Written by: Jeffrey Voytko, CPA

With the ongoing strain from rising healthcare costs, the Medicare Trust Fund continues to be under pressure to deliver the same benefits to its recipients now and in the future. The US Treasury reports $514 billion spent on Medicare in 2010, a 467% increase since 1990. Through recent legislations, one of the key areas identified by Congress to control spending is a program to identify and recoup “improper” payments to Medicare providers, estimated by the Governmental Accountability Office (GAO) to be $48 billion in 2010. Recovery Audit Contractors (RACs) is one such program, implemented by Congress, as a way to manage healthcare spending by identifying improper payments to Medicare providers. Many providers are unaware of how the RAC program works, what to do if an audit letter is received, and what steps can be taken to prepare for an audit.

The History of the RAC Program

Section 306 of the Medicare Prescription Drug Improvement and Modernization Act of 2003 contained a test program in which Recovery Audit Contractors were hired, on a contingent fee basis, to identify and correct improper payments for Medicare Parts A and B. RACs were to provide highly specialized software and skills which are not readily available to Medicare in order to identify and recover Medicare over and under payments. The program, also called demonstration project, lasted three years, beginning in 2005, and was tested in five states (California, Florida, New York, Massachusetts, and South Carolina). CMS reported $1.3 billion in improper payments identified during the three year duration of the demonstration program. The Tax Relief and Health Care Act of 2006 included provisions for the permanent nationwide expansion of the successful RAC program effective January 1, 2010.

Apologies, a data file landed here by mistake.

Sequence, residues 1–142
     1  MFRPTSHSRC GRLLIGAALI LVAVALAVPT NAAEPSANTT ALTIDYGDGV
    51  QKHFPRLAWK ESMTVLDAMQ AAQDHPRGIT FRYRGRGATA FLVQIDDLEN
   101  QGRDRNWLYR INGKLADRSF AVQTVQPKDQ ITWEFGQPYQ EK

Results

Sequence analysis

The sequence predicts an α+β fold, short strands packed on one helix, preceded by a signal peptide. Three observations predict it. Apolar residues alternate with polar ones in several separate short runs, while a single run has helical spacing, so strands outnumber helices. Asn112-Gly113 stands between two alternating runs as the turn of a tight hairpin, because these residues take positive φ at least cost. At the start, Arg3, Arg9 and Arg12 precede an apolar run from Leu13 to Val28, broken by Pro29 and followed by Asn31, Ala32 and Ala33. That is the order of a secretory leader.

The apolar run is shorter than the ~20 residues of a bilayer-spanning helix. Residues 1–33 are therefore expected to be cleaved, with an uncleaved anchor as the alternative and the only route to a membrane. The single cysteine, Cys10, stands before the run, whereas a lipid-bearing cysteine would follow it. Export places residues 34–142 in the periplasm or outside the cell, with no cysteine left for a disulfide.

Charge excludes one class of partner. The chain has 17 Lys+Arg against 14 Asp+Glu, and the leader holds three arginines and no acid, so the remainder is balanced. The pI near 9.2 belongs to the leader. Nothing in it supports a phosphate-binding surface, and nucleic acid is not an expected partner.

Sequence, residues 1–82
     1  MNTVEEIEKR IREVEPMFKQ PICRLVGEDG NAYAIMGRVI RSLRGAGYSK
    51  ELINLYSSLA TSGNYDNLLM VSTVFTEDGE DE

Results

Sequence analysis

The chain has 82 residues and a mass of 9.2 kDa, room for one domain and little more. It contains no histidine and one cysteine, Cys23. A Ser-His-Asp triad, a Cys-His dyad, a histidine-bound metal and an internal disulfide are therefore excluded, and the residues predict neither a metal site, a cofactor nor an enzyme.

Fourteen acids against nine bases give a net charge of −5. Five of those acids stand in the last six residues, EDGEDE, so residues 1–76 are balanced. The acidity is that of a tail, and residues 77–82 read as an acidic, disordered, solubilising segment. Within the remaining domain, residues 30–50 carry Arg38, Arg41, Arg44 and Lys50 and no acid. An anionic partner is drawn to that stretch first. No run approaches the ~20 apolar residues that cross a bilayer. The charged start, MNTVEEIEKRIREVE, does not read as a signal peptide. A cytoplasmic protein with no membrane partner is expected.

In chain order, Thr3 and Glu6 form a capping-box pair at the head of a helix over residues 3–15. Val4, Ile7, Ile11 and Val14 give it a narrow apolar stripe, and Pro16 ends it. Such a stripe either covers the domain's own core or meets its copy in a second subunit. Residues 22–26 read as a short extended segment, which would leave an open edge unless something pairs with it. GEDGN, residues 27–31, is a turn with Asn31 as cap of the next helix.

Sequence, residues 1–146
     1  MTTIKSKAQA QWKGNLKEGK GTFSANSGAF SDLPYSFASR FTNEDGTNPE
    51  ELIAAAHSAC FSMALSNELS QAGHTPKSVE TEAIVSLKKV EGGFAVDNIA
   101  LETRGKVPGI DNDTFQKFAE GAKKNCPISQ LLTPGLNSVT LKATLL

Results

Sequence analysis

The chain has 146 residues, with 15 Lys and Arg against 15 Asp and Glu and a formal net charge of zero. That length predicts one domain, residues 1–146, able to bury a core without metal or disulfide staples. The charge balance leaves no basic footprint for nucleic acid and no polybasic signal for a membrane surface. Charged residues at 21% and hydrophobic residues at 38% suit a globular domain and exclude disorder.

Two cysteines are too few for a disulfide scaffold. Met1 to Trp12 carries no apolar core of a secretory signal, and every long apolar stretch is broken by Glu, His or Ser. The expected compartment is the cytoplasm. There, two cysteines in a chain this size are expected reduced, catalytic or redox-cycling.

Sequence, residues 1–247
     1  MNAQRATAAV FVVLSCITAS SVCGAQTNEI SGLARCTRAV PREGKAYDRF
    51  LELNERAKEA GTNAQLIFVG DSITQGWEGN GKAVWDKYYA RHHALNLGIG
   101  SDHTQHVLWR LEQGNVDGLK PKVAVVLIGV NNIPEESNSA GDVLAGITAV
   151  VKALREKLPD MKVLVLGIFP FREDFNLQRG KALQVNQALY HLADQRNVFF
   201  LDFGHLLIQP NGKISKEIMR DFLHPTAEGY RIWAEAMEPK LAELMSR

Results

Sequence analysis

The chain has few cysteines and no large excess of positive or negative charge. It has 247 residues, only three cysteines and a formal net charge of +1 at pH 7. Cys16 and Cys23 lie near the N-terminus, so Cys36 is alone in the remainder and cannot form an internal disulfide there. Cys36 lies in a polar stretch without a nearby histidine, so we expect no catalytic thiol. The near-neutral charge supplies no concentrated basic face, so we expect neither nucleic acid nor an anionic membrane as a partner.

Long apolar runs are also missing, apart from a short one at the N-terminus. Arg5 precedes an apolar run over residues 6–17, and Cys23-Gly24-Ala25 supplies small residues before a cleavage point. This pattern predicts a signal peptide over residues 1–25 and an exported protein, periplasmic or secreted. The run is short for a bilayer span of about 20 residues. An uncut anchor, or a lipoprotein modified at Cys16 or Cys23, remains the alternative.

The Patient Protection and Affordable Care Act of 2010 expanded the RAC program to Medicare Part C, Part D, and Medicaid Claims. The initial proposed rule required individual states to have Medicaid RAC programs implemented by April 1, 2011. However, a recent CMS bulleting published February 2011 has delayed the Medicaid RAC implementation with a new date being released in the 2011 CMS Final Rule. Funding for RAC contractors is expected to increase in the next few years Plans are to increase the budget for the RAC program from $26,000,000 in 2010 to a proposed $259,000,000 in 2011 and $500,000,000 in 2012.